Country Living Series

Wednesday, March 30, 2016

A bit broad in the beam

Matilda is finally pregnant. The last time she gave birth was back in 2013 when she had Amy.

But when Amy was born, Matilda's massive udder was so pendulous and enormous, it dragged nearly to the ground and Amy couldn't nurse. I milked out the colostrum and we bottle-fed Amy for the first few weeks until Matilda's udder assumed more normal dimensions and Amy could nurse directly.

Matilda is getting older -- we estimate she might be around fourteen years old -- and she missed two seasons of breeding. But I distinctly saw the bull nail her on August 16 of last year, which would make her due date around May 25. Sure enough, she's been rounding out.

A few days ago I put my hand on her belly and could feel the calf roiling around inside.

Poor Matilda gets all bent out of shape in the latter months of her pregnancy, culminating in the week before when she's positively enormous, with a swollen beach ball between her legs. But she's a born mother, loves loves loves having babies, and I'm looking forward to milking her again.

So now it's a waiting game, with dear Matilda patiently growing new life inside her.


  1. oh boy, are you sure she isn't having twins? she's huge, with another two months to go? she must be a member of the family, if you haven't been able to milk her for a couple of years, i applaud you for keeping her.

  2. I hope there are no complications and everyone remains healthy.

  3. How wonderful. Praying for a safe and easy pregnancy and delivery for Matilda and her calf. My heart ached for her when the breeding didn't take.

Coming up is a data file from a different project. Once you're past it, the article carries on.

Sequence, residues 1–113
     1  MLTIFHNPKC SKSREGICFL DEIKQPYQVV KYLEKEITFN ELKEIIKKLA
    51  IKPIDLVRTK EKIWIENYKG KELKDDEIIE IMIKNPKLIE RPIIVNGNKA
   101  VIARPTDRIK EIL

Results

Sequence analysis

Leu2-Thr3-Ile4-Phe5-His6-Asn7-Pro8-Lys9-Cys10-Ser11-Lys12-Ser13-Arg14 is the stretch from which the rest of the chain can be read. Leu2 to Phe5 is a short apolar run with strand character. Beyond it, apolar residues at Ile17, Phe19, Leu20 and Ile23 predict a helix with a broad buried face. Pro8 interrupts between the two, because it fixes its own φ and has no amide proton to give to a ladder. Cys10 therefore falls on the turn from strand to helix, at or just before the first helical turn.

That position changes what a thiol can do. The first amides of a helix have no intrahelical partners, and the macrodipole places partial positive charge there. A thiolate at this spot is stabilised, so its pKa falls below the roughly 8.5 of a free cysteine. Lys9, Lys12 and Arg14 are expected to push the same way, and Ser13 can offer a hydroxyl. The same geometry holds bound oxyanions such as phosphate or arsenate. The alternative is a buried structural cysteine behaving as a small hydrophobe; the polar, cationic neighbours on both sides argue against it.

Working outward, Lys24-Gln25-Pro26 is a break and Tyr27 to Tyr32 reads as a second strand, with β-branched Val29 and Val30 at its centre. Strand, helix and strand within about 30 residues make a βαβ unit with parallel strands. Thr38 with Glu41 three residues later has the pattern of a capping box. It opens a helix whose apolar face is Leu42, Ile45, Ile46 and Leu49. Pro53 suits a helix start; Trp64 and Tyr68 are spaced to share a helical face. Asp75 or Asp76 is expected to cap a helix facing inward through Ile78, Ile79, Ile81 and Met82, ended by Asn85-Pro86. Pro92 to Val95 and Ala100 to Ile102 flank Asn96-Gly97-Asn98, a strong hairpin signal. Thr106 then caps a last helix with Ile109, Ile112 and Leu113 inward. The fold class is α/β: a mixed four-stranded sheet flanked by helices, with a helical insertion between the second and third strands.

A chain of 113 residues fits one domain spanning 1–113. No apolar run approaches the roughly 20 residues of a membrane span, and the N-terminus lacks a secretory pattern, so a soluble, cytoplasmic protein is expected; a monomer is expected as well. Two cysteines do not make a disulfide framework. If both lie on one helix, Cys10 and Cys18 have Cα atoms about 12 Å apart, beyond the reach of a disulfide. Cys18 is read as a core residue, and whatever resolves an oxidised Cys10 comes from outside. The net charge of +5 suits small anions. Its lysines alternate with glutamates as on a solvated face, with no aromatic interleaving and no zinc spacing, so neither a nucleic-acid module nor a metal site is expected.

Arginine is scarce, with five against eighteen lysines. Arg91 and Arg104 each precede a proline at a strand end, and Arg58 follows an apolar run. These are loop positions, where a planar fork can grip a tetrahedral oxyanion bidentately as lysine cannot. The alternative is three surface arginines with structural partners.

4. I'm wondering if you could fashion her a "cow bra" of sorts, to take some of the weight off. That udder looked positively painful with her last calf!

  5. Nice looking milk cow. Lucky you for having a milk cow. Just got your book in the mail today, I actually found it on ebay, from a goodwill store. I read most of it today. Love it! We pretty much live the same way. We manage a ranch in the middle of no where. Just my husband and I . Sometimes my son. I can most of our food. We butcher a steer a year and also deer, elk and antelope. We love our life, and I love your website. read it all the time. Good job, keep it up.

  6. Copper deficiency can cause sagging belly and udder. Something you might want to look into. After giving our goats MORE copper (they already had minerals and kelp) the saggy bellies and udders on all our older goats really improved and gave new life to my old saggy belly buck I thought was going to die. I now have started copper bolusing them.


  7. I have a 14 year old milk cow who looks the same, but she is a such a sweet cow. I love her so much. Sending good thoughts to your sweet cow!